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India bans military drone makers from using Chinese parts

By Krishn Kaushik

NEW DELHI (Reuters) – India has in recent months banned domestic manufacturers of military drones from using components made in China over security concerns, according to four defense and industry officials and documents reviewed by Reuters.

The move comes amid tensions between its nuclear-armed neighbors and as New Delhi pursues a military modernization that envisions greater use of unmanned quadcopters, long-life systems and other autonomous platforms.

But as India’s nascent industry tries to meet the needs of the military, defense and industry figures said India’s security leaders feared intelligence gathering could be compromised by Chinese-made parts in drone communications functions. cameras, radio transmission and control software.

Three of these people and some of the six other government and industry figures interviewed by Reuters spoke on condition of anonymity because they were not authorized to speak to the media or because of the sensitivity of the subject. India’s defense ministry has not responded to Reuters questions.

India’s approach, first reported by Reuters, complements phased import restrictions on surveillance drones since 2020 and is being implemented through military tenders, documents show.

During two meetings in February and March to discuss drone tenders, Indian military officials told potential bidders that equipment or sub-components from “countries sharing land borders with India will not be acceptable for security reasons,” according to minutes reviewed by Reuters. The minutes did not identify the military officials.

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A tender document said such subsystems had “security holes” that put critical military data at risk, and called on suppliers to disclose the components’ origins.

A senior defense official told Reuters that the reference to neighboring countries was a euphemism for China, adding that India’s industry had become dependent on the world’s second-largest economy despite concerns over cyber-attacks.

Beijing has denied involvement in cyber attacks. China’s Commerce Ministry, which last week announced export controls on some drones and drone-related equipment, did not respond to questions about India’s measures.

The US Congress banned the Pentagon in 2019 from buying or using drones and components made in China.


Prime Minister Narendra Modi has been trying to build up India’s drone capability to thwart perceived threats, including from China, whose forces have clashed with Indian soldiers along their disputed border in recent years.

India has earmarked 1.6 trillion rupees ($19.77 billion) for military modernization in 2023-24, of which 75% is earmarked for domestic industry.

But the ban on Chinese parts has increased the cost of making military drones locally by forcing manufacturers to buy components elsewhere, government and industry experts said.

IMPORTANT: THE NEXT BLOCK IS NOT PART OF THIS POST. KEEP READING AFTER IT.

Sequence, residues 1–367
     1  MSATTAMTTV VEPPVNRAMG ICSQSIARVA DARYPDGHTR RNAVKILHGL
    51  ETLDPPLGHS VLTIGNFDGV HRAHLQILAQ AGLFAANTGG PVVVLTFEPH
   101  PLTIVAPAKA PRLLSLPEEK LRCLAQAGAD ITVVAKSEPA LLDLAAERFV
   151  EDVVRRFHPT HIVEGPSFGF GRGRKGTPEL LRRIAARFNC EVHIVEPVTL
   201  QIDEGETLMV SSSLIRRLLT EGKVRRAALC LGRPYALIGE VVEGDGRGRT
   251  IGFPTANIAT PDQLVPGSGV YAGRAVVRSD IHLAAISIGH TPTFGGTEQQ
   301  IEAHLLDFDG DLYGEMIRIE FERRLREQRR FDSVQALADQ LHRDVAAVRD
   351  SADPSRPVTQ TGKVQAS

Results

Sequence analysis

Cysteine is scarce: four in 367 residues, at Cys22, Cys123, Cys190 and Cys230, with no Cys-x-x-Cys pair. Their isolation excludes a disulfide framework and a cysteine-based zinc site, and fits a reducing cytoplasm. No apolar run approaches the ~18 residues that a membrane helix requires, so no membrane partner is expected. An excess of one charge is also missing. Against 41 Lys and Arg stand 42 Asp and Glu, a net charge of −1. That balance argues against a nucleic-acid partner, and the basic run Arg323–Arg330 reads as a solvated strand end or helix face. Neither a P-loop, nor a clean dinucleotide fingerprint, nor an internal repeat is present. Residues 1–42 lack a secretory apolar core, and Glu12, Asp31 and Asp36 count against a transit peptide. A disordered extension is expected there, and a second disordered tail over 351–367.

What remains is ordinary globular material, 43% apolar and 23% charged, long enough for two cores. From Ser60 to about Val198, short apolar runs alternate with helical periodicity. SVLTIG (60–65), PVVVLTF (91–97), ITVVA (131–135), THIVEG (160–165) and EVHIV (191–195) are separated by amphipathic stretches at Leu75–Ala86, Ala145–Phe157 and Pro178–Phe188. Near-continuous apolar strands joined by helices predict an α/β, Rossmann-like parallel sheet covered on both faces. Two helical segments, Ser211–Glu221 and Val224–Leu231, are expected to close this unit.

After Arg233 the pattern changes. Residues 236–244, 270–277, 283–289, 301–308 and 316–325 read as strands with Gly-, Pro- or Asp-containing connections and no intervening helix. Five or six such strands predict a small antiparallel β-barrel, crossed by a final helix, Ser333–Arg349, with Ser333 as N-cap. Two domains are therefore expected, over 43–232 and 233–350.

Sameer Joshi, founder of Bengaluru-based NewSpace Research and Technologies, a supplier of small drones to the Indian military, said 70% of goods in the supply chain are made in China.

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“So when I talk to, say, a Polish guy, he still has his components coming through China,” he said.

Switching to a non-Chinese pipeline drove costs up dramatically, Joshi said, adding that some manufacturers were still importing material from China but would “white label it and keep costs more or less within that framework.”


India relies on foreign manufacturers for both parts and complete systems as it lacks the know-how to make certain types of drones.

A government-funded program to produce an indigenous medium-altitude, long-endurance unmanned system is delayed by at least half a decade, said Y. Dilip, director of the state-run Aeronautical Development Establishment (ADE).

The platform, called Tapas, meets most of the requirements, but more work needs to be done to reach the military’s goal of a drone that can reach an operational altitude of 30,000 feet and stay aloft for 24 hours, it said. Dilip.

“First of all, we were limited by the engines,” he said, while neither domestically built nor international models were available for India to do the job.

Aside from Tapas, which is expected to begin military trials this month, ADE is working on a stealth unmanned platform and a High Altitude Long Endurance platform, but both are years away.

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To fill these gaps, India announced in June that it would buy 31 MQ-9 drones from the US for more than $3 billion.

RK Narang, a drone expert at the government’s Manohar Parrikar Institute for Defense Studies and Analytics, said “there needs to be a coherent national strategy to close the technology gaps” to deliver commercially viable products.

Finance Minister Nirmala Sitharaman promised in February that a quarter of the 232.6 billion rupees ($2.83 billion) budget for defense research and development this year would be for private industry.

Still, Narang said there was little investment in research and development by India’s big private companies. Joshi said venture capitalists shun military projects because of long lead times and the risk of orders not being executed.

The senior defense official said India would have to accept higher costs to boost domestic production.

“Today if I buy equipment from China, but I say I want to make it in India, the cost will increase by 50%,” he said. “We as a nation need to be ready to help build the ecosystem here.”

($1 = 82.2775 Indian Rupees)

(This story has been corrected to say 1.6 trillion rupees, not 1.6 billion rupees, in paragraph 12)

(Reporting by Krishn Kaushik; additional reporting by Joe Cash in Beijing; editing by David Crawshaw and YP Rajesh.)

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